Directions, the Canadian Race Relation’s journal, provides community-based, action-oriented research, commentary, and perspectives on eliminating racism and discrimination.
We are pleased to announce that our May Directions article comes from Dr. Chandrakant Shah. “Visiting Lectureship Program on Indigenous Health at the University of Toronto: Fighting Unconscious Bias” is an original paper that recounts Dr. Shah’s experience in establishing “The Visiting Lectureship on Native Health” in the 1990’s and beginning an initiative to remove the discriminatory and racist unconscious bias from students and health professionals. This initiative led to many other health related education initiatives geared towards Indigenous communities.
Chandrakant Shah is a Canadian doctor, researcher, and social activist. As a visible minority seeking to practice medicine after immigrating to Canada in 1965, Dr. Shah experienced a significant amount of discrimination in his professional life. He is currently an Honorary Consulting Physician at Anishnawbe Health Toronto, professor emeritus of the Dalla Lana School of Public Health at the University of Toronto, Honorary Staff of The Hospital for Sick Children and Courtesy Staff at the St. Michael’s Hospital. Even after many years, Dr. Shah remains passionate for ongoing advocacy for visible minorities, aboriginal health and safety, health of marginalized groups, diversity, among many others.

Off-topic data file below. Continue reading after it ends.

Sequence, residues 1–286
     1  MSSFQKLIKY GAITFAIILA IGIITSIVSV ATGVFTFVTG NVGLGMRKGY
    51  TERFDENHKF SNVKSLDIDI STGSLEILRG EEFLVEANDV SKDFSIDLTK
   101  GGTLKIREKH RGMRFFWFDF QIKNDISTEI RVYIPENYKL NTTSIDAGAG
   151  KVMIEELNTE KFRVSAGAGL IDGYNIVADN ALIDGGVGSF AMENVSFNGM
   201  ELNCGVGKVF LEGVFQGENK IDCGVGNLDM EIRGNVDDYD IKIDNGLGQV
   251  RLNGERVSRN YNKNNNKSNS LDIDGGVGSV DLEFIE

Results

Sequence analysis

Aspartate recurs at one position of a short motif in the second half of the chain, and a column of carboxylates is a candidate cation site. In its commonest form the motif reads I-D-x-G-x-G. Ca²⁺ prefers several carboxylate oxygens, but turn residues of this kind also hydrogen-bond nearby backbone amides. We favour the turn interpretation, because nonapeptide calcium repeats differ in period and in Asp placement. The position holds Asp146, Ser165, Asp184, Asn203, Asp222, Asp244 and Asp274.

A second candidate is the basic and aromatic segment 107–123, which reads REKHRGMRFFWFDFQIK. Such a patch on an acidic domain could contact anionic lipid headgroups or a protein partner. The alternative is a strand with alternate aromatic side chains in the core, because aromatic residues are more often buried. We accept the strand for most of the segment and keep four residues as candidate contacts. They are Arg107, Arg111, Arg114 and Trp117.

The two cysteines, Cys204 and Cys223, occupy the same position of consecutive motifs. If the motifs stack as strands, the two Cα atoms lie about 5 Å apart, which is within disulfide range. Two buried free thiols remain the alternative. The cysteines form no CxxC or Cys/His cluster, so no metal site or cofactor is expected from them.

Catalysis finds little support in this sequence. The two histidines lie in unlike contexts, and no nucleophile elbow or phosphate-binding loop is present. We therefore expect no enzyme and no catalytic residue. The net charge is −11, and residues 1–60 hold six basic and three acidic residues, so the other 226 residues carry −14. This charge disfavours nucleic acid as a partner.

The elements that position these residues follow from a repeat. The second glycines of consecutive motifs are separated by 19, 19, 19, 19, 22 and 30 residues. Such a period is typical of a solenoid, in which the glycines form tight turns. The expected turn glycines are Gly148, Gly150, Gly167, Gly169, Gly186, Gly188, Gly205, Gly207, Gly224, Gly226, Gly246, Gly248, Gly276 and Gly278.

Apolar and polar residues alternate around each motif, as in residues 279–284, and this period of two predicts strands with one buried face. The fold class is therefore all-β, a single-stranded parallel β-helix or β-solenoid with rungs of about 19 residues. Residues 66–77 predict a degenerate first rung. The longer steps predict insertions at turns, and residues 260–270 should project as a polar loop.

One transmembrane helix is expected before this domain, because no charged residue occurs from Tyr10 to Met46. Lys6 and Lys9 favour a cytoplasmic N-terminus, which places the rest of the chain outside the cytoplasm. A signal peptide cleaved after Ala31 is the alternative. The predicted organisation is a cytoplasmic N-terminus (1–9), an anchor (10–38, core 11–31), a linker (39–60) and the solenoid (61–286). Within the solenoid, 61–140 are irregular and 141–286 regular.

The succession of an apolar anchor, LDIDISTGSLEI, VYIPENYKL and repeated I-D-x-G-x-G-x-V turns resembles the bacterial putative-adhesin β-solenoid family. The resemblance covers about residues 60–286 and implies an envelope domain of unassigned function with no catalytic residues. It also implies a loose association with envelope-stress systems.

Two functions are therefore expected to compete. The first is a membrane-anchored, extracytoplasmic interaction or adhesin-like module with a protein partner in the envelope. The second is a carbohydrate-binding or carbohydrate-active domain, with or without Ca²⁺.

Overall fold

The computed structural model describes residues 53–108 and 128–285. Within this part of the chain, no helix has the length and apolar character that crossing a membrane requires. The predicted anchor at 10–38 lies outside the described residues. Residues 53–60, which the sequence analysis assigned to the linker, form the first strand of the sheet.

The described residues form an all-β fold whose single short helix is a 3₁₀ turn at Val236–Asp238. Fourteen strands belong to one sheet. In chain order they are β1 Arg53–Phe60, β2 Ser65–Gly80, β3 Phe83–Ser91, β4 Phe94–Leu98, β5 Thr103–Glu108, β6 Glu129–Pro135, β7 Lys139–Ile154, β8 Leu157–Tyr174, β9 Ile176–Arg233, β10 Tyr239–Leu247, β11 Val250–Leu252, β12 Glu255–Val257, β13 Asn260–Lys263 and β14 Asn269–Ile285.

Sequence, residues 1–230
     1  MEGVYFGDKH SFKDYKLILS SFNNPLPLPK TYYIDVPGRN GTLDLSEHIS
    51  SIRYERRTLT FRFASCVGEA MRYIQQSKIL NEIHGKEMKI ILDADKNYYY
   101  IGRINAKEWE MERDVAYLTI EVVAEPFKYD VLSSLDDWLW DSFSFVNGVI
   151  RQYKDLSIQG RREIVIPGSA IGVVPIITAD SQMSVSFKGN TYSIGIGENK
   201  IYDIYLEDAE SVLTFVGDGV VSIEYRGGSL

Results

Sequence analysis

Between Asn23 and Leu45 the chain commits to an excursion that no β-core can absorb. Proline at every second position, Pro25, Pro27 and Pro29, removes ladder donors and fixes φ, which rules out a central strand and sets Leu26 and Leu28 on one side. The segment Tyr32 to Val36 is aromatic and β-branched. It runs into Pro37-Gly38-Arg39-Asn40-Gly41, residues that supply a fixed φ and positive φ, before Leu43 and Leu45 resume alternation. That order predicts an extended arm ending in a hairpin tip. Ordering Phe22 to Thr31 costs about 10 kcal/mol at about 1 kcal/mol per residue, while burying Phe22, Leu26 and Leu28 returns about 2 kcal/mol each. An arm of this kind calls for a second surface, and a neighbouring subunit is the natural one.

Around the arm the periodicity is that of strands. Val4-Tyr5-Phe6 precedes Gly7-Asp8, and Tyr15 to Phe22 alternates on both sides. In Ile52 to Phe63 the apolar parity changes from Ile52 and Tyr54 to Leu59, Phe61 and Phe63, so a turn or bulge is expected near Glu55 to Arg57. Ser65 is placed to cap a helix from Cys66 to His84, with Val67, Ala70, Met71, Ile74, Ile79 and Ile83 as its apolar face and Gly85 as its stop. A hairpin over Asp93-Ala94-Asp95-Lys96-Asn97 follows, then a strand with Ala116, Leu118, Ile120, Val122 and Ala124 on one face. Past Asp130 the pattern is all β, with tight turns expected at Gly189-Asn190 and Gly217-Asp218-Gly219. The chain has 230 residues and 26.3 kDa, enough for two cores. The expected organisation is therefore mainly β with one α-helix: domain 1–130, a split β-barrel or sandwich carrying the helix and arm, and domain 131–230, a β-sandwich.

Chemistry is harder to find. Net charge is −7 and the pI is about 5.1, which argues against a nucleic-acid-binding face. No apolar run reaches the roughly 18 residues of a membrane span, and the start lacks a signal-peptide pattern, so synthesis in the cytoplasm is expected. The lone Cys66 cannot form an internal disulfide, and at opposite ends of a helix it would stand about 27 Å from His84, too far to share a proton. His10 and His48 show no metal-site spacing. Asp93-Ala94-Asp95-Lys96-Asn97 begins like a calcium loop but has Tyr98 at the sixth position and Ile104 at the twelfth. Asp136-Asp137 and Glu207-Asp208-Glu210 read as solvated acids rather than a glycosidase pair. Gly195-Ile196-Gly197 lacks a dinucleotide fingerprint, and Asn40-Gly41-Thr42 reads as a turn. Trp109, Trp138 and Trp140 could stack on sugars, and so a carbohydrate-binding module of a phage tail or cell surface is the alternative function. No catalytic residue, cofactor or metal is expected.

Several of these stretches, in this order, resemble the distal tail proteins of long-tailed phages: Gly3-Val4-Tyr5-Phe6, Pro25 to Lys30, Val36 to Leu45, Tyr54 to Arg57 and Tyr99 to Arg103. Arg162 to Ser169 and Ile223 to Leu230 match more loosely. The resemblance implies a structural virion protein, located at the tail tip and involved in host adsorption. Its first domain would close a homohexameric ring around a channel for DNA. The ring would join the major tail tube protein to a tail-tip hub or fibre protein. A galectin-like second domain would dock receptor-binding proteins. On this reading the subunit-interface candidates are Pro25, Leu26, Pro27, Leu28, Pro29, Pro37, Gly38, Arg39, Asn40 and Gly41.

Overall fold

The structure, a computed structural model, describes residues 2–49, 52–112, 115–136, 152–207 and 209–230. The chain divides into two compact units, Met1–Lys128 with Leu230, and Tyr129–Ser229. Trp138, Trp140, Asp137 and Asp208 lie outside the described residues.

Directions, the Canadian Race Relation’s journal, provides community-based, action-oriented research, commentary, and perspectives on eliminating racism and discrimination. This journal serves as an important piece of the CRRF’s mission to strengthen Canadian values and build a united Canadian community. Articles are aligned with the articulated themes of race, racism, and discrimination - in all forms - in Canada an approximately one article will be published per month.
Disclaimer: This journal is provided for information and educational purposes only. The content published herein represents the work of its authors, researchers and other outside contributors and does not necessarily reflect the official policy, positions or beliefs of the Canadian Race Relations Foundation.
Interested in Submitting an Article to Directions?
See our Call for Papers here.